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Short Take

Relaxing COVID-19 Restrictions will Kill, not Save, the Economy


 

[This is a more developed version of the previous Short Take}

Those who want to relax mandates on self-isolation and social distancing to save the economy have got it exactly backwards. Reopen society too soon, and we risk destroying the economy as well as public order and our shaky democratic institutions. The reason comes down to two words: supply lines.

 Supply lines for necessities such as food are already under stress. Those going to grocery stories encounter random instances of empty shelves and vegetable bins. Smithfield Farms shut down a South Dakota plant that supplies roughly 4% of the pork in the nation after over 500 of its workers tested positive for the coronavirus. Other giant meat processors such as Tyson have also shut down plants for similar reasons. Farmers in the West are having trouble finding workers to harvest the crops now reaching maturity in the fields. And even if they manage to get the crops picked, farmers are out of luck if the truckers fail to show up, or the flow of packaging for their products get interrupted. 

Right now, these disruptions are episodic, but that should be concerning because we haven’t even seen the end of the first wave. What we have seen is that vital front-line workers such as nurses, doctors, EMT’s, and other first responders have had trouble finding protective equipment and maintaining morale. Some have staged walkouts over the dangerous conditions, and these are workers with a sense of mission.

By contrast, for most of the hourly-paid workers who keep supplies made, distributed, and sold, their work is a job that pays the bills. It would be appropriate if society recognized that they played a vital role, but mostly these workers encounter demanding bosses, monotony, and surly customers. If sick, they are not going to work – nor would we want them too. And they are not likely to risk their lives if going to work exposes them to contagion.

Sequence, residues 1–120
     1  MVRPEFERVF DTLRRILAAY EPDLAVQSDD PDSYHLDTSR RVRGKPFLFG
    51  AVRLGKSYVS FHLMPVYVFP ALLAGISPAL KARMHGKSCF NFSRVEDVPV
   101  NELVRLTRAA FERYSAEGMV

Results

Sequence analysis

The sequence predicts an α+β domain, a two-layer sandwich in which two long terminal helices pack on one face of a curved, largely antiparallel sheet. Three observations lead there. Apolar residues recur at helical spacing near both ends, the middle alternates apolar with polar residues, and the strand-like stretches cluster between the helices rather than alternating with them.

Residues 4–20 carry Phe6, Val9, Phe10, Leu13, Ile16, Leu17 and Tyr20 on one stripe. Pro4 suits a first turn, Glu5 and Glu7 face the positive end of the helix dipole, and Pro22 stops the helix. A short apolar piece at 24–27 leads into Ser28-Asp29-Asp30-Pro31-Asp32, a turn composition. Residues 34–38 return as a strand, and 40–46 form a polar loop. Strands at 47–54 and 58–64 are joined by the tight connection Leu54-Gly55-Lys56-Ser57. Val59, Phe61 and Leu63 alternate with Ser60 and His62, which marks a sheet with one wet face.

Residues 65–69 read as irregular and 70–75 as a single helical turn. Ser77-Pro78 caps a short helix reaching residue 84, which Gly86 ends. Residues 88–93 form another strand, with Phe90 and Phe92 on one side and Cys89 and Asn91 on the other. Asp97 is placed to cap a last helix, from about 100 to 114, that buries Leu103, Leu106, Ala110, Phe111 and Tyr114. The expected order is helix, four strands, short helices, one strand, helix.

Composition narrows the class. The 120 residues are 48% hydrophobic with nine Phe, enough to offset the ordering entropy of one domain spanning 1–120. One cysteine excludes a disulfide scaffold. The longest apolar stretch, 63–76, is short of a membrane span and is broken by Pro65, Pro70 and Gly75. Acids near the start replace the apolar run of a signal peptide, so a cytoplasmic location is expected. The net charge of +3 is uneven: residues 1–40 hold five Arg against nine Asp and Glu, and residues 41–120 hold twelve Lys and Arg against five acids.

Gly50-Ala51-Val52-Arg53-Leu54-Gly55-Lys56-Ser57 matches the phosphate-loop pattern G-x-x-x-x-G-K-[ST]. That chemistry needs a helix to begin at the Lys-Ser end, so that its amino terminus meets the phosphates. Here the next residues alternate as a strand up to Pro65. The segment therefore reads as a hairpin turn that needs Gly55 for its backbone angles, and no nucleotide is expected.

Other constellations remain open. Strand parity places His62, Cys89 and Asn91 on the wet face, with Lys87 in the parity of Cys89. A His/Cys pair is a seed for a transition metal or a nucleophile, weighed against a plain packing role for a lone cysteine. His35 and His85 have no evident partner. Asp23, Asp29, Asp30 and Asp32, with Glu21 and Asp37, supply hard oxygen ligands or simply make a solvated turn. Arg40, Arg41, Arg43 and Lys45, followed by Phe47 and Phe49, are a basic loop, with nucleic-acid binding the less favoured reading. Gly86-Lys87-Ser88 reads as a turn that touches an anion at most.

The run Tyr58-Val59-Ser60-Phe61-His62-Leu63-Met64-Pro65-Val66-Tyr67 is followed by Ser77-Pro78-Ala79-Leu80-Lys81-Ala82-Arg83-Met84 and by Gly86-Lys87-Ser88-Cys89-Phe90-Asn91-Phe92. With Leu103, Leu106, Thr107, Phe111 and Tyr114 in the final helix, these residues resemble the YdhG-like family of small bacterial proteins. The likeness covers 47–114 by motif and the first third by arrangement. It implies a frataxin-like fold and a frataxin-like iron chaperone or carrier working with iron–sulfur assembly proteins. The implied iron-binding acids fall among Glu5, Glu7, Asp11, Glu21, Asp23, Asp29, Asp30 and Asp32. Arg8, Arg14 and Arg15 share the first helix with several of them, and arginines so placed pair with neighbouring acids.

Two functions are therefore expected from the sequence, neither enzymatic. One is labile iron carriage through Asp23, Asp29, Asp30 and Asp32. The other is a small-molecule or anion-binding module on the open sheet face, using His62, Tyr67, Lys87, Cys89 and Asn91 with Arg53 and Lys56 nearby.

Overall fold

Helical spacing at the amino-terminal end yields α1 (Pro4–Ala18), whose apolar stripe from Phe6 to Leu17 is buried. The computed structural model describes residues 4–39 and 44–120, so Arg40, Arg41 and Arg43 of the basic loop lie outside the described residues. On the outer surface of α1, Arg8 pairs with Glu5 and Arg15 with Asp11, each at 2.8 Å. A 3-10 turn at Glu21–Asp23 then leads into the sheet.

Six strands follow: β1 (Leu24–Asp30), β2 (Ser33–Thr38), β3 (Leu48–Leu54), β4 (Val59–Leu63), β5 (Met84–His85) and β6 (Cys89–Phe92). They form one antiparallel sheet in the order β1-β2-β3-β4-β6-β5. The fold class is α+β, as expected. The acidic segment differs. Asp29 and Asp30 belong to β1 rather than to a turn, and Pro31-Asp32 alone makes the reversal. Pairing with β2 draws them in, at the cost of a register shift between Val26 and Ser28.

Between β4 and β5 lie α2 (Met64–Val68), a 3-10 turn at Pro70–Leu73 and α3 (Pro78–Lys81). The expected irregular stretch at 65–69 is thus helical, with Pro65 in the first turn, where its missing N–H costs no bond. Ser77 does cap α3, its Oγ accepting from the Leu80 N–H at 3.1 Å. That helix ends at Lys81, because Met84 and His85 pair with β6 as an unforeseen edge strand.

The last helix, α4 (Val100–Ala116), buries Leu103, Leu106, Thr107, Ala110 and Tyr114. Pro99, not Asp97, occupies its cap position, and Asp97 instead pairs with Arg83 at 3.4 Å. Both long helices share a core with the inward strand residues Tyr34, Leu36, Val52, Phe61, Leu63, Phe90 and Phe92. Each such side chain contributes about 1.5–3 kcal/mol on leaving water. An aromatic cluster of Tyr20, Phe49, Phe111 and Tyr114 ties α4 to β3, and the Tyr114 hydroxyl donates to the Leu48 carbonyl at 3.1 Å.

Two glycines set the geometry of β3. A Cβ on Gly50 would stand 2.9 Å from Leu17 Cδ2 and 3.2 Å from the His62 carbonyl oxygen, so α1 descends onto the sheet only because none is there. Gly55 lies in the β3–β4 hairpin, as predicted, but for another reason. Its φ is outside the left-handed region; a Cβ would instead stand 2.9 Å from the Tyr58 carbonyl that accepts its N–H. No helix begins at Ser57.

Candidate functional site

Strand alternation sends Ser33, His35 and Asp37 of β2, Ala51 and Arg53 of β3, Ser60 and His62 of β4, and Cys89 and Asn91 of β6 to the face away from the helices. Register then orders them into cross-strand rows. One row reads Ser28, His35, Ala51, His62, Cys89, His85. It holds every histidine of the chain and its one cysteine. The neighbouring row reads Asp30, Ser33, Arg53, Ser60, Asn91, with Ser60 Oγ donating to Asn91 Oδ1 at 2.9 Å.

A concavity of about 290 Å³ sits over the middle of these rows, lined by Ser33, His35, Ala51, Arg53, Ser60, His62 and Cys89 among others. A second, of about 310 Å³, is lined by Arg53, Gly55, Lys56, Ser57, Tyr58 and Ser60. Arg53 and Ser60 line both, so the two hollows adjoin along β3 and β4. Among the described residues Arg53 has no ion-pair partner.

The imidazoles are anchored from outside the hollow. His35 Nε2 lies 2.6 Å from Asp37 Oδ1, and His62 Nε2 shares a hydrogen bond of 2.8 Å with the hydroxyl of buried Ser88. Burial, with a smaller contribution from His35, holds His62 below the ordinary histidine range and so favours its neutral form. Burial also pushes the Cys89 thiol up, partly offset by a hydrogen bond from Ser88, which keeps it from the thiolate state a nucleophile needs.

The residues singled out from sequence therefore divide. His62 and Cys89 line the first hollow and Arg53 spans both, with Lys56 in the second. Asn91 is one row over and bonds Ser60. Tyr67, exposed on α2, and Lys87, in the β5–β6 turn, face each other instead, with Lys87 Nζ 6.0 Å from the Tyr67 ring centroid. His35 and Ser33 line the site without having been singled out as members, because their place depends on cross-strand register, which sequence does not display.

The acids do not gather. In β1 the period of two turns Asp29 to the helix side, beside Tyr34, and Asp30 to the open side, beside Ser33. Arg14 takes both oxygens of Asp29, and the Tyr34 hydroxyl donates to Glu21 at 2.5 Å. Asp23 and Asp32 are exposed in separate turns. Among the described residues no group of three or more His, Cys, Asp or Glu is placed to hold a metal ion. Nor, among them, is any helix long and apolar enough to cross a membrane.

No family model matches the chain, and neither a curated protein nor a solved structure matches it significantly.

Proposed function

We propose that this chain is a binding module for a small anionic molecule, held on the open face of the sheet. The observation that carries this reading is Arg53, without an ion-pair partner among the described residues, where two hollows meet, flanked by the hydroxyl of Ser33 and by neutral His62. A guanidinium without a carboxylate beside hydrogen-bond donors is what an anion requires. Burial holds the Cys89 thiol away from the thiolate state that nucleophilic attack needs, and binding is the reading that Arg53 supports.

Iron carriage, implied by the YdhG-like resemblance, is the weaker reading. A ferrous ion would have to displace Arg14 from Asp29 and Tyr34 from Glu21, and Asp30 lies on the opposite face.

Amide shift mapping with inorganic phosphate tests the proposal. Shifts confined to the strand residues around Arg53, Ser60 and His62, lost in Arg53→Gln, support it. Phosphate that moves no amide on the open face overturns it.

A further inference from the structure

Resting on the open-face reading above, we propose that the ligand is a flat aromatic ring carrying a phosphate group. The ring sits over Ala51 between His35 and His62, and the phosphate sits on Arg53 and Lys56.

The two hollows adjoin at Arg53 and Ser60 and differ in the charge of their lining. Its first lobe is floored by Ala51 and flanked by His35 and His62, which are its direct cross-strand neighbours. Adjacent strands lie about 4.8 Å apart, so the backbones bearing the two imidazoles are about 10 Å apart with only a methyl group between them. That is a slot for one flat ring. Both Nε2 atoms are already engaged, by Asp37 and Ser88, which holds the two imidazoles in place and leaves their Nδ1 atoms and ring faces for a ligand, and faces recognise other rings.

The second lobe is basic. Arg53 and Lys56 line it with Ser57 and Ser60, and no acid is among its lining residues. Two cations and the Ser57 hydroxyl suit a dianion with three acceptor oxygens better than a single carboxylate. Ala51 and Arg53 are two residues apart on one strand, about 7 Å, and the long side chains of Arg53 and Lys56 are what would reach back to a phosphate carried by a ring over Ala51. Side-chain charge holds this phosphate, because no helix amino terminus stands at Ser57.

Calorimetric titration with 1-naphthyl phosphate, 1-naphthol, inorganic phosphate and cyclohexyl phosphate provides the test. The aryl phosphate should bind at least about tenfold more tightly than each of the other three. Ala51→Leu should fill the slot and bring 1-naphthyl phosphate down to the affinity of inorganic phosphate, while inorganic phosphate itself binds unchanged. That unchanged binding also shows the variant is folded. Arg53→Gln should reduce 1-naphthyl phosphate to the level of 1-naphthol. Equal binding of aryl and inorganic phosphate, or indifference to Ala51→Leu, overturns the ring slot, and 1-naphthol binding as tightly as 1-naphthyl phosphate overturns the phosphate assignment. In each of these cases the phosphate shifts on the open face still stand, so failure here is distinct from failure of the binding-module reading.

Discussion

Disruption of one link, e.g. the trucker that delivers food the last mile, could halt a supply chain. COVID-19 is a threat to every link. Should a second wave hit before there is a readily available, cheap and effective treatment, it’s a very high probability that many supply lines will be disrupted and filling the gaps could easily overwhelm the nation’s businesses. 

Even today, on the evening news, we see images of vast caravans of cars lined up to get supplies from food banks. Imagine two weeks of empty shelves in the stores that feed our cities. How likely is it that civil order could be maintained in that situation? Will people suffer in silence if they realize that they can’t buy food for their kids because our leaders reopened the economy before a treatment was available because they wanted to prop up the stock market (which is how it will be portrayed)? If we want to look analogues for what life is like once supply chains break down, they’re readily available today in cities like Mogadishu, Kinshasa, and Port au Prince. 

 Thus far, the Trump administration’s response to the pandemic seems to be a mélange of Boss Tweed, Don Corleone and Inspector Clouseau. For the next act, the administration has a choice: Churchill, who bolstered British morale during the London Blitz, or Pol Pot, who sacrificed millions of his countrymen for a bad idea. Let’s hope those around Trump can convince him that the cure for the disease is the cure for the economy.